G8 FMs call for stable energy supplies
Finance ministers of the world's wealthiest nations complained about high oil prices at talks in Russia on Saturday.india Updated: Feb 11, 2006 16:56 IST
Finance ministers of the world's wealthiest nations complained about high oil prices at talks in Russia on Saturday but said they nonetheless believed economic growth would be good again this year.
"Overall global growth remains solid and is expected to continue in 2006," a draft communique from the ministers of the Group of Eight (G8) club of industrialised countries said. "Risks remain, including high and volatile energy prices."
The meeting in icy Moscow marked Russia's first turn as G8 president and focused primarily on concern over the cost and reliability of supplies of oil and gas.
It is one of the world's biggest suppliers but a recent row with Ukraine, in which it closed the gas taps, has triggered ill-ease among several countries of the G8 -- which comprises the United States, Japan, Canada, Germany, Italy, Britain and France.
"The market mechanism is vital to the effective functioning of the global energy system," said the draft communique, read to Reuters by an official at the meeting in a city centre hotel.
Other officials said that they were keen for Russia itself to allow greater foreign investment in its energy sector and loosen the grip of the monopoly supplier Gazprom.
The finance ministers kicked off their talks over breakfast with their opposite numbers from some of the rising stars of the world economy, China, India, Brazil and South Africa.
China's breakneck expansion rate, more than twice the pace of the world in general, has also made it the world's second largest consumer after the United States of oil.
Rising demand has doubled oil prices in the past two years but another major worry is securing reliable supplies of energy from regions often prone to instability.
The standoff with oil-rich Iran serves as a reminder of how vulnerable supply can be, as did the Russia-Ukraine spat over how much the latter paid for gas.
Russia has declared energy security a priority of its annual G8 presidency, but is being asked to prove it is serious after cutting gas exports to Ukraine and Western Europe at the start of 2006.
"Given the high level of oil prices we need to think about how to secure stable energy supply," Japanese Finance Minister Sadakazu Tanigaki said.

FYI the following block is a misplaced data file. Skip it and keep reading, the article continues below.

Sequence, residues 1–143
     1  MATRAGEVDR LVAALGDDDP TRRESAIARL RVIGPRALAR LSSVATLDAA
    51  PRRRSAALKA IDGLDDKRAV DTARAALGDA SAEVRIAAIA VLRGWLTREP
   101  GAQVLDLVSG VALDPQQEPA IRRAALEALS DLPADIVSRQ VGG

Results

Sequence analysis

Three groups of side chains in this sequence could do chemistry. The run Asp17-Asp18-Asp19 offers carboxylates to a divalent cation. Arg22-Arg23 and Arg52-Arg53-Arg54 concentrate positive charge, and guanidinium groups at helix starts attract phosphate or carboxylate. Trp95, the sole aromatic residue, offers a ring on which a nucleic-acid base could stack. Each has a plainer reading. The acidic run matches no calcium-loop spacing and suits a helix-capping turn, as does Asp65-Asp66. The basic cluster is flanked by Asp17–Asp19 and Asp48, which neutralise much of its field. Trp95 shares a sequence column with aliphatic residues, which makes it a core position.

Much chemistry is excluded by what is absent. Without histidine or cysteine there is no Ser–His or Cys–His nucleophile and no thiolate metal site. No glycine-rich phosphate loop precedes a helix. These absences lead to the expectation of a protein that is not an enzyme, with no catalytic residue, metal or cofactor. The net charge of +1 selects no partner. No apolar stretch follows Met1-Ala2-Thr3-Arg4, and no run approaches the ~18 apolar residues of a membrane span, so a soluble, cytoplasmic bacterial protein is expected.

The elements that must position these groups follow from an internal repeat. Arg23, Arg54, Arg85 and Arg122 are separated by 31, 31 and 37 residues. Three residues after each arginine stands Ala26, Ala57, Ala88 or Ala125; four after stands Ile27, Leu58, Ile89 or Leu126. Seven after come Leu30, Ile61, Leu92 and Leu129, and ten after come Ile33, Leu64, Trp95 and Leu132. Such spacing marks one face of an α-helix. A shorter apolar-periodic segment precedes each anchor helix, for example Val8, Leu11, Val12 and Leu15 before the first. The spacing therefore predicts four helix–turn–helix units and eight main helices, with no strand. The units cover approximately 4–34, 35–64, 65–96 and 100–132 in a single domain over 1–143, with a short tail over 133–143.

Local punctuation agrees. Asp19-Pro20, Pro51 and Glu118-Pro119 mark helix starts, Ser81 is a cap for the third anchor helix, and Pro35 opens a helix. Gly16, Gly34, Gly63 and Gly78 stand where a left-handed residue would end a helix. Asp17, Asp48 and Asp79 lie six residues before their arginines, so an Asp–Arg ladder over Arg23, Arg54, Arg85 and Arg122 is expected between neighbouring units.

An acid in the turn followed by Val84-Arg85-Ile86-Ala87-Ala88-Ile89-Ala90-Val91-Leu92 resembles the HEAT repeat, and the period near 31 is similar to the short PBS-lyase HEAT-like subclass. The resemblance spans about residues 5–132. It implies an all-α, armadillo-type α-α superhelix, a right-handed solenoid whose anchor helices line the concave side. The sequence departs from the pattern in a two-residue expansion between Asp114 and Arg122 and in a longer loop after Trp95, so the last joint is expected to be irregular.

A U.S. official said the G8 was pushing to create a more stable world market for energy.
"We as finance ministers will continue to press for greater transparency, better quality of data, better understanding of how market mechanisms are working or not working and how we might address market failures," the US official said.
No quick fix
Officials said they expected little in the way of concrete developments to emerge from the Moscow meeting but said it was clear France and other European members of the G8 wanted Moscow to allow more foreign investment and loosen the monopoly of the Russian energy company, Gazprom.
That would involve Russia ratifying an international charter on the matter, something many people say will not happen soon.
Pressure could mount though, with another meeting scheduled for March among energy ministers.
Russia's number two oil official Sergei Oganesyan was quick to dismiss the idea of an end to Gazprom's monopoly before the G8 ministers even arrived in the Russian capital. "There is and there will continue to be a monopoly," he told Reuters.
Gazprom does not allow others to export gas to Europe or to even produce more than it is prepared to accept in trunk pipelines, all of which are under its control.
For Putin, the presidency of the G8 is a celebration of his country's transformation after the collapse of the Soviet Union, but the other finance ministers still do not consider Russia an equal, mindful that it went to the brink of financial ruin and debt default in 1998 even if it is rich in oil and gas.